ER is for Emergencies

Emergency room sign with ER is for Emergencies in text

Reducing Avoidable Emergency Department Visits

ER Utilization

Emergency rooms are an integral department in our health care systems, providing immediate access for acute illness, accidents, and trauma. Over the last decade, data on ED visits grew exponentially, yielding more than 137 million visits, and while cost estimates vary across the nation, an estimated 39 billion/annually can be associated with these visits.

While emergent care necessitates a visit to an Emergency Department, there are some circumstances that could be avoidable and appropriately managed in urgent care centers, physician offices and clinics.

Avoidable ED visits may be indicative of lack in care coordination or management, lack of access and information on where to receive care in the community. To proactively address issues related to unnecessary emergency department utilization, it is best to understand your patient community population and identify health inequities in receiving care from an appropriate care setting. Barriers such as lack of a primary care provider or access to ‘after hours’ care sites, inadequate care and/or financial insecurities to management chronic illness, transportation may play a major contributing factor in avoidable ED visits.

ER is for Emergencies and the 7 Best Practices Program

In 2012, The Washington State Hospital Association (WSHA), in a collaborative partnership with the Washington State Medical Association (WSMA) and the WA State Chapter of the American College of Emergency Physicians developed a program: ER is for Emergencies-The 7 Best Practices.

This program was developed to redirect clinical care or low acuity illness to the most appropriate setting and reduce preventable Medicaid emergency room visits.

Now, more than a decade later, WSHA continues to support hospitals in sustaining patient-centric care, utilization of 7 Best Practices to identify patients with 5 or more emergency department visits to the same facility per calendar year.  Identifying patient-centric care needs, such as poorly managed chronic medical conditions, substance use, lack of primary care access, or often, social determinants of health allow clinical care teams to have the ability to link to appropriate care and community resources for patients in our respective communities. These best practices are supportive in reducing avoidable ER use.

Getting Started:

Be familiar with the WA State Legislative language: Third Engrossed Substitute House Bill 2127 and the ER is for Emergencies 7 Best Practices. Ensure that these strategies have been implemented at your facility.  

The 7 Best Practices

  1. Electronic Health Information
    • Adoption of an electronic health information exchange system on a statewide basis to create and act on a common, integrated plan of care related to patients with potentially avoidable visits to the emergency department. This electronic communication tool is the common space for hospital-based care teams, primary care providers, mental health teams and clinics supporting unique patient -centric care.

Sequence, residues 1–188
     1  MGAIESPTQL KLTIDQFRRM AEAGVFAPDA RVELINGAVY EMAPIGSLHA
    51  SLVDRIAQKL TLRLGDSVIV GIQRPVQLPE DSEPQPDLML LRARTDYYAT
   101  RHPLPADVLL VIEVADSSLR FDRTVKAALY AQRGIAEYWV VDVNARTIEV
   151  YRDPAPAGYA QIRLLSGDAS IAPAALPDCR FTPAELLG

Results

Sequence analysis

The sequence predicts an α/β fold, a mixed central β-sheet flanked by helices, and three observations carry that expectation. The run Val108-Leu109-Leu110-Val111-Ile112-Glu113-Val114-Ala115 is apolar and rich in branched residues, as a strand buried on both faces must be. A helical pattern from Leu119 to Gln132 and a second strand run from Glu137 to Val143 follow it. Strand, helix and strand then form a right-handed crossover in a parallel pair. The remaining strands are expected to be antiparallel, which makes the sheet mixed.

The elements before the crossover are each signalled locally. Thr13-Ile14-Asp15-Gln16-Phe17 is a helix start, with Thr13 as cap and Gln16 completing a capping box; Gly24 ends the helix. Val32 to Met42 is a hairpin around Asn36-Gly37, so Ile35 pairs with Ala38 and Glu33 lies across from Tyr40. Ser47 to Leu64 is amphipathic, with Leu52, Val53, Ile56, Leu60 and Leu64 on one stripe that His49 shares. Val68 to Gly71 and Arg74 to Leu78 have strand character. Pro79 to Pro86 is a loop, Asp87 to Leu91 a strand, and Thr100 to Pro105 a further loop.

2. Patient Education
    • Develop and disseminate patient education materials that support access and utilization of appropriate care resources. Ensure that this information illustrates community-based care sites such as clinics, urgent care and non-acute care sites that provide off-hour services. Additionally, provide these educational materials in a format that supports your community’s language and cultural preferences.
  3. Identify Frequent Users of the Emergency Department and EMS
    • Hospitals should identify emergency department visit history upon arrival and coordinate case management for patients that have 5 or more visits to the same emergency room within the last 12 months.  Utilize a care management team to assess the drivers of utilization, both clinical and social, to develop unique care plans with patients, re-visit plans with hospital team members.
  4. Develop Patient Care Plans for Frequent ER Users
    • Hardwire a standard process to identify frequent emergency department utilizers and create accountability for this task.  Consider creating a step in your patient interview process to collect data on social factors that may be drivers of their ED visits.  Several tools exist to assess patient health-related social needs or social determinants of health. AHA Screening for Social Needs
  5. Narcotic Guidelines
  6. Prescription Monitoring
    • The state’s Prescription Monitoring Program is an electronic online database used to collect data on patients who are prescribed controlled substances ensuring coordination of prescription drug prescribing practices.
  7. Use of Feedback Information
    • Engage your hospital emergency, care management and quality teams in reviewing your ED Utilization Reports. Consider a point person to track utilization data (report of multi-visit patients on a daily or weekly basis. Ensure interventions are implemented, working and that there is a process of reporting to executive leadership.

Engage WSHA often to learn more about what you are learning from your avoidable ED visits, barriers in patients receiving care in your community and social aspects or drivers that are occurring in your hospital. Together, we can strengthen our aim and improvement to best support our communities in receiving appropriate care, in the right place and at the right time. Contact Tina Seery ( for questions.



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